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Family offices and nightclubs

What is it with family offices these days? They appear to be everywhere. But are they really family offices or just private banks in family offices' clothing? The new vogue for the title "family office" could be undermining the credibility of the model.
Studio 54 – one of the world's most exclusive night clubs in its day
© Tim Lehmann

What is it with family offices these days? They appear to be everywhere. How much so? Well for starters Bloomberg Markets recently ran a big story about the top 50 multi family offices in the world, which was picked up by much of the world’s financial press afterwards.

Then there are the stories about hedge funds turning themselves into family offices. Some of these have been big, like George Soros’s legendary Quantum hedge fund becoming a family office after it dumped money from investors not connected to the family. Others, lesser-known offices but nonetheless big, have also converted to family offices, like New York-based Covepoint Capital and Brencourt Advisors.

And then there are the private banks adding and enhancing their family office businesses, like Deutsche Bank ambitiously marketing its recently created Deutsche Oppenheim Family Office – the largest family office in Germany in terms of assets under management.

When it comes to finance and investing, family offices would appear to be the most fashionable thing since the start of the hedge fund boom 20 years ago.

But is all this hype justified? And what’s driving all the attention family offices are getting? The obvious reason is that they have a lot of money – and sometimes need outside help to manage this money. Do the sums and it’s easy to see why the moneymen and moneywomen are so excited.

It’s difficult to know how many family offices there are in the world, but conservative estimates put the total at around 3,000. And if the average assets they are managing are around $300 million (€226.2 million), again probably a conservative estimate, then they control just under $1 trillion of assets. Just imagine the fees on $1 trillion of assets – at 1% of assets under management that would be $10 billion.

But despite all their money, family offices – at least single family offices – don’t want everyone to know about them. That’s why no one really knows how many exist. But their mystique and exclusivity makes them more desirable to everyone else. It’s like the aura around a nightclub that only the coolest people can gain access to – for those selling services to the rich, family offices are the coolest of all “nightclubs”.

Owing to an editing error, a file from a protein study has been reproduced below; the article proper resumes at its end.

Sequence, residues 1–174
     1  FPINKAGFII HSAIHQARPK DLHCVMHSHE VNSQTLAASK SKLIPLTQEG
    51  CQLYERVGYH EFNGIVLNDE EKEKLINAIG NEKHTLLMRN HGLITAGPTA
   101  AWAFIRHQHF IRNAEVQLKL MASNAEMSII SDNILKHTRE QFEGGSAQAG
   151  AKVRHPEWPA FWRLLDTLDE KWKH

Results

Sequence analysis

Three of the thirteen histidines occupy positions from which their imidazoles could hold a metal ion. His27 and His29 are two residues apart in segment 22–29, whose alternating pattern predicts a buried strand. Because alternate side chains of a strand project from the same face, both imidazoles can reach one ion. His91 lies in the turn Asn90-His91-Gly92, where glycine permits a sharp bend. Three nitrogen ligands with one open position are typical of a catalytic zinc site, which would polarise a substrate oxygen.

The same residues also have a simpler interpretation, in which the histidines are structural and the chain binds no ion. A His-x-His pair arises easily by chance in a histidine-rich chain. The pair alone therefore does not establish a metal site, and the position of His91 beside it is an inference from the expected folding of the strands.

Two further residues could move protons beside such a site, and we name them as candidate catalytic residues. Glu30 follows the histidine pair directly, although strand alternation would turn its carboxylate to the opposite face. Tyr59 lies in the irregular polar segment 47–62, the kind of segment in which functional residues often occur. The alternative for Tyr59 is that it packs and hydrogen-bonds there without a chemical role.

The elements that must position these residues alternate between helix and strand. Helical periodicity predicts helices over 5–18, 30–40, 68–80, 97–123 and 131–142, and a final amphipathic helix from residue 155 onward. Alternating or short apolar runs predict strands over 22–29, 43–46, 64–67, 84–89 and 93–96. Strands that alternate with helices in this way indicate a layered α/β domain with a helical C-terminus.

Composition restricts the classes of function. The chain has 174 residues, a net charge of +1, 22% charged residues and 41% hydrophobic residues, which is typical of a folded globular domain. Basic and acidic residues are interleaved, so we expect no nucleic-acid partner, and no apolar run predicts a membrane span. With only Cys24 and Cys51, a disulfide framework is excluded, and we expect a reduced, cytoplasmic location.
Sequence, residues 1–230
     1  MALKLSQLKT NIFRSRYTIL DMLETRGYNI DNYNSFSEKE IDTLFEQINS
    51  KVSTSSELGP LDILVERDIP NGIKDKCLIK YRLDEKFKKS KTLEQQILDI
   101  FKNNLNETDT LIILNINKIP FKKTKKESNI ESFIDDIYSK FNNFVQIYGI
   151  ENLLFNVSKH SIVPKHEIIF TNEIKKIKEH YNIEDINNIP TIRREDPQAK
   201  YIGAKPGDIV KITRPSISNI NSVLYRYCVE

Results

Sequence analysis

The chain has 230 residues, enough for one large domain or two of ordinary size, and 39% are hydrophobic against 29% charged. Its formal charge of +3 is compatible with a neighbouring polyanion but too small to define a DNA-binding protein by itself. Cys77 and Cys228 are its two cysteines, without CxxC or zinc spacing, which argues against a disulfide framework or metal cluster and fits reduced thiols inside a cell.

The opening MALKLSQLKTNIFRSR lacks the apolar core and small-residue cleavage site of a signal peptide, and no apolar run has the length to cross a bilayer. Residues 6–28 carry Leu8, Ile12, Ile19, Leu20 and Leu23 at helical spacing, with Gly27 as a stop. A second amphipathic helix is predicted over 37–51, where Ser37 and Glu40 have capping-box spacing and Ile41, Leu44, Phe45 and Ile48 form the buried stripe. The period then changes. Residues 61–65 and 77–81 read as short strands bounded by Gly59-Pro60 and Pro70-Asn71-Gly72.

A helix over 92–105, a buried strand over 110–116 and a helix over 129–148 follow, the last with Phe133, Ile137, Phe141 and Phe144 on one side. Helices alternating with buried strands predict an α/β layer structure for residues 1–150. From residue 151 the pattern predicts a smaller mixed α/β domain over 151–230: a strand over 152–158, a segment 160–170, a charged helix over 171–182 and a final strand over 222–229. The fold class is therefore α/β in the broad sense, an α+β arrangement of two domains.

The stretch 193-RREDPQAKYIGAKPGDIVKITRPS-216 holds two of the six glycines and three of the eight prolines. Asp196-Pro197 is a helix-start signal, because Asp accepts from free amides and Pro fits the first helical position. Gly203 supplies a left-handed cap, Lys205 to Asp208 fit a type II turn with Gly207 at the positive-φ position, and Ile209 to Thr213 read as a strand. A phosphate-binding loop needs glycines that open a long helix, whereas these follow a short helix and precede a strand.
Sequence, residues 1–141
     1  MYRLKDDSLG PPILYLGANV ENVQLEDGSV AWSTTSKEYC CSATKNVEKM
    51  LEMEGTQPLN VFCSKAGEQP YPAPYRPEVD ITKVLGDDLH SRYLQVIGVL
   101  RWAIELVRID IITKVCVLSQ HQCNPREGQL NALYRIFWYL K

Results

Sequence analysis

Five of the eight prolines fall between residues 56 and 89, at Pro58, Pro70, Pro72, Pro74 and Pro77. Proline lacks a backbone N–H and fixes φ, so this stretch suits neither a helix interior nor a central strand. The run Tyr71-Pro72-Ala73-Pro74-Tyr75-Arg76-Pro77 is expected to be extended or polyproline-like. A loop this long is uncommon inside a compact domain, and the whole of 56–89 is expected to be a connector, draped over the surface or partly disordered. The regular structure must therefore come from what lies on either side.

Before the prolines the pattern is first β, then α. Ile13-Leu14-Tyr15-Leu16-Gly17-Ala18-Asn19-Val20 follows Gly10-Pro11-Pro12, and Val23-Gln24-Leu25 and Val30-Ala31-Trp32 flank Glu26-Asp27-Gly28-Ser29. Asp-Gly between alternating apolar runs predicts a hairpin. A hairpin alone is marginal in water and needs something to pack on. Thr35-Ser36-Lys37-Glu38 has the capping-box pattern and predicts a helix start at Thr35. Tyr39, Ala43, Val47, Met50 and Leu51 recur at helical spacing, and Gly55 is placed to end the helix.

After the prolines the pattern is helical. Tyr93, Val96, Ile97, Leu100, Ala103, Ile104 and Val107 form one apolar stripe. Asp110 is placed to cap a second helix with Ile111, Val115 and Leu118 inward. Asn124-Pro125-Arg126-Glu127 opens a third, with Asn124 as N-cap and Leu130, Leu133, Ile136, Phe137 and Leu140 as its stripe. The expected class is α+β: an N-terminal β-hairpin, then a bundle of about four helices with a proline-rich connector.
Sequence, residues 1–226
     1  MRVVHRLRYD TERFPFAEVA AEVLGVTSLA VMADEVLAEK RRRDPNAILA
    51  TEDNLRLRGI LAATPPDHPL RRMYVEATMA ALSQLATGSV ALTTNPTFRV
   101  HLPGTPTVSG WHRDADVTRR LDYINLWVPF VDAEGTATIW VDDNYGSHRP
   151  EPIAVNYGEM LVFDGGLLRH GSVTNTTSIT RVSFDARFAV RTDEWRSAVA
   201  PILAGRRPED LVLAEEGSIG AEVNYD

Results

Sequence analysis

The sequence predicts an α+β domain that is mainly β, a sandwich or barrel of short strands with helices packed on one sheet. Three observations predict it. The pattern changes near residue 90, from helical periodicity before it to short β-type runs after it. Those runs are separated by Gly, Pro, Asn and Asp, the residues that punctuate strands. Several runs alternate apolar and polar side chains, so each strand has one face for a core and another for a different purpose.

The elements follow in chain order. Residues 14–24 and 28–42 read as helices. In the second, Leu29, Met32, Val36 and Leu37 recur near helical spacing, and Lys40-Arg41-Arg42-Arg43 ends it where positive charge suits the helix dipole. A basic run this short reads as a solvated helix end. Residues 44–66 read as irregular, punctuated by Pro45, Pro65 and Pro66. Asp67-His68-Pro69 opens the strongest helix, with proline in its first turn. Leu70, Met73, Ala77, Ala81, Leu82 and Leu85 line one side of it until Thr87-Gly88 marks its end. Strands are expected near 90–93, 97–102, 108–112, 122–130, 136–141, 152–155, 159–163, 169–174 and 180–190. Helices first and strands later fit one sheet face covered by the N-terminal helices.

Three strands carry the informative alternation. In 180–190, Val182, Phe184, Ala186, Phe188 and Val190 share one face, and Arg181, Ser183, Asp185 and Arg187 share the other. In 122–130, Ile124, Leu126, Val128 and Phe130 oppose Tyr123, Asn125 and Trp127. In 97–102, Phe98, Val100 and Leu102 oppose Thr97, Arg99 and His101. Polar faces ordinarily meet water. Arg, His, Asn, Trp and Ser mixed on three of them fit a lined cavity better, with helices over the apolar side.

But just like the coolest nightclubs, there are many imitations in the world of family offices. You only have to look at the Bloomberg Markets list to see this phenomena and how the term “family office” gets distorted. Bloomberg says the top family office in the world is a firm known as HSBC Private Wealth Solutions. It doesn’t sound particularly family office-like – or at least it doesn’t sound a kind of nightclub the movers and shakers would like to go to. But it’s pretty cool when it comes to the money it manages. It has, according to Bloomberg, $137 billion under management and works with 340 families. That’s an average account of around $400 million – that’s a lot of money and a pretty legitimate reason to call itself a multi family office.

But HSBC and every other firm on the list are multi family offices. That is, they all accept money, some as little as $5 million, from outside investors. In many ways, they are really just top-end private banks and wealth managers. But all of them like to be seen as family offices because of the status this confers on the users of the service.

Of course, like HSBC, many of these businesses might have some legitimate reasons to use the family office moniker. A lot of them started out as single family offices, or like HSBC, manage money that is of family office size – that is, accounts of more than $100 million. But the Bloomberg list highlights the problem with using the family office title too readily.

The danger of the overly free use of the term family office is that the more widely it is used – and in many cases wrongly used – the less credible it will become. As someone once said: “So soon as a fashion is universal, it is out of date.” So too is it with family offices?

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